HIGH SOCIETY (1956)
As most cinema-goers are probably aware, this movie is a musical adaptation of the 1940 film The Philadelphia Story, although it is set in Newport, Rhode Island (in order to take advantage of the famous jazz festival held there). It is also the final screen appearance of the stunningly beautiful Grace Kelly before she retired from acting to become Princess Grace of Monaco. Recently engaged to Prince Rainier, she insisted her character wear the actual engagement ring he had given her, a 10.5 carat, emerald-cut diamond flanked by two baguettes. The movie was released just three months after her marriage to the prince. Helen Rose, who designed her costumes for High Society, also designed her real-life wedding gown.
The one and only Grace Kelly
Cole Porter composed the score for the film. The song ‘Well, Did You Evah?’ (from one of his previous musicals), was added at the last minute when it was realized that there wasn’t a song for Bing Crosby and Frank Sinatra to sing together. The ballad ‘True Love’ was especially written by Porter for the picture and went on to sell a million copies. Grace and Bing were awarded platinum records for the song. Because Grace was married by the time the award was presented, she became the only sitting member of royalty thus far to be so awarded.
Dexter’s mansion aka Clarendon Court, home of the von Bulows
The house used for the exterior of Dexter’s (Bing Crosby) mansion was later purchased by ‘Sunny’ von Bulow and her husband Klaus. It was here that the 48 year-old Sunny fell into a coma in 1980, and remained in a vegetative state until her death in 2008. Her husband was accused of injecting her with insulin, tried, and found guilty. On appeal, the verdict was overturned. He would die in 2019. The mansion that Louis Armstrong and his band are shown arriving at by bus at the beginning of the film is not in Rhode Island at all. It is in California and would one day be used as the Clampett’s mansion in the TV series The Beverly Hillbillies.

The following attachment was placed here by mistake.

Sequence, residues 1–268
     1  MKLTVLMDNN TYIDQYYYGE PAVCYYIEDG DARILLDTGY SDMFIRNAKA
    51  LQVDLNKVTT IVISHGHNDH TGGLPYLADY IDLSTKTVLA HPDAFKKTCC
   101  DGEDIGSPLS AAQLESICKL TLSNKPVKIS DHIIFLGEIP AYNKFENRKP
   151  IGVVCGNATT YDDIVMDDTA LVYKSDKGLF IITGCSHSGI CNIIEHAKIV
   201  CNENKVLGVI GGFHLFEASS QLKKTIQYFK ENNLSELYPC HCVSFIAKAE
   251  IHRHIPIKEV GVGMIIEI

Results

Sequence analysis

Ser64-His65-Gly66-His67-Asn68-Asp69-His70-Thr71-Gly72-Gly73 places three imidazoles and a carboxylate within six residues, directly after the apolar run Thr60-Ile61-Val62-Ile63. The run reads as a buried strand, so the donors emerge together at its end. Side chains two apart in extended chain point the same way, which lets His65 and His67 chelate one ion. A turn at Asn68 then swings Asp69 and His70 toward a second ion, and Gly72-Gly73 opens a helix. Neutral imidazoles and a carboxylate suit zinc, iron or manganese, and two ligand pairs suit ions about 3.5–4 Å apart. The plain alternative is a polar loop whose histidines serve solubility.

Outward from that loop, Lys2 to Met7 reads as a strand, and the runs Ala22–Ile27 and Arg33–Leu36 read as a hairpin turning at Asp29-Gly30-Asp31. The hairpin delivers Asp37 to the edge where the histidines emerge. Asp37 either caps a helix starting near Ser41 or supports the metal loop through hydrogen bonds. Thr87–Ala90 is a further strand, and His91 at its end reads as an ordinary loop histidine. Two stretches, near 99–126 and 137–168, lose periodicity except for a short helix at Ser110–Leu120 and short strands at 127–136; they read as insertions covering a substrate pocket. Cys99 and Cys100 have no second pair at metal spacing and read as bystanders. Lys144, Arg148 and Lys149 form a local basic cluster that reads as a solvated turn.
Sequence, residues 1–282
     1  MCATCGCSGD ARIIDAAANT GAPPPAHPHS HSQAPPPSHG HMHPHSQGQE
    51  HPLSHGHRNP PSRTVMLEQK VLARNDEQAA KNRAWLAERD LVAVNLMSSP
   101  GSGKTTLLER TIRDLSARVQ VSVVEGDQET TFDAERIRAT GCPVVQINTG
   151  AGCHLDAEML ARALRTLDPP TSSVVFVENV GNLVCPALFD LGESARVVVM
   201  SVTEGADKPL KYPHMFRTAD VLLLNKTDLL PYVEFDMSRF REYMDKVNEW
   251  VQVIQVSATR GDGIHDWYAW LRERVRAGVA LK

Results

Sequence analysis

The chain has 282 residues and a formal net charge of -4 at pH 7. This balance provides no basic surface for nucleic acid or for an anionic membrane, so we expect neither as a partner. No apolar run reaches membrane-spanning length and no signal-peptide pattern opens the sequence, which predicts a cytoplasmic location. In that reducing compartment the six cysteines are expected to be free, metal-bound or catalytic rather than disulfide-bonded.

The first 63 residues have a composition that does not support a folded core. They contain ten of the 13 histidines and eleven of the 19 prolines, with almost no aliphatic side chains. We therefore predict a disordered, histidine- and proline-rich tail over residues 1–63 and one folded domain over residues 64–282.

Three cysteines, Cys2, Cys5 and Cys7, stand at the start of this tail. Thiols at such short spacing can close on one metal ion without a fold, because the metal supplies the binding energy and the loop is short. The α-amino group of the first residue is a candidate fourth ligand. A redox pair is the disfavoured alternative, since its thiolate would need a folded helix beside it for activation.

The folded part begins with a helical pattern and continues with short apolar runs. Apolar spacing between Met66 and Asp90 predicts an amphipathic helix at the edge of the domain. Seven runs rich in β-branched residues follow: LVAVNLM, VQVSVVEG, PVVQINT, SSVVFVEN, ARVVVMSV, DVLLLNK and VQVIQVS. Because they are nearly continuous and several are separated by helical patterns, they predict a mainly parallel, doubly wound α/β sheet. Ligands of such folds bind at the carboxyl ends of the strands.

Sinatra & Crosby – ‘Well,Did You Evah?’
Incredible as it may seem, a ‘Bowery Boys’ comedy that had been released the previous year with the same title was mistakenly nominated, in 1957, for an Academy Award for ‘Best Writing – Original Story’. When the mistake was discovered, the two screenwriters of the ‘Bowery Boys’ film graciously declined the nomination. High Society was also the last film of Louis Calhern, the actor who portrayed Uncle Willie. After shooting wrapped he journeyed to Japan to make The Teahouse of the August Moon. Sadly, he suffered a fatal heart attack after filming a few scenes there and was dead at sixty-one. His part was recast, thereby making High Society his final screen credit.
Celeste Holm & Sinatra – ‘Who Wants to be a Millionaire?’
The old Hollywood practice of happily having young, beautiful women falling in love with much older men is once again in evidence in the plot of High Society. Grace was just twenty-six when the film was shot, yet we are expected to accept her character falling in love with fifty-three year old Crosby’s character. Even her fiancée played by John Lund was forty-four years old at the time. Come to think of it, she gets the hots in the picture for Sinatra too, and he was also over forty! It is no secret that Grace preferred older men in her personal life. Still in her mid-twenties in 1955, she had already been bedded by Clark Gable, Gary Cooper, Spencer Tracy and Crosby, (all of them in their fifties); not to mention Ray Milland, William Holden and costume designer Oleg Cassini, who were in their forties. She was even engaged to Cassini a year or so before she met the prince. Prince Rainier, on the other hand, was just thirty-two when they tied the knot.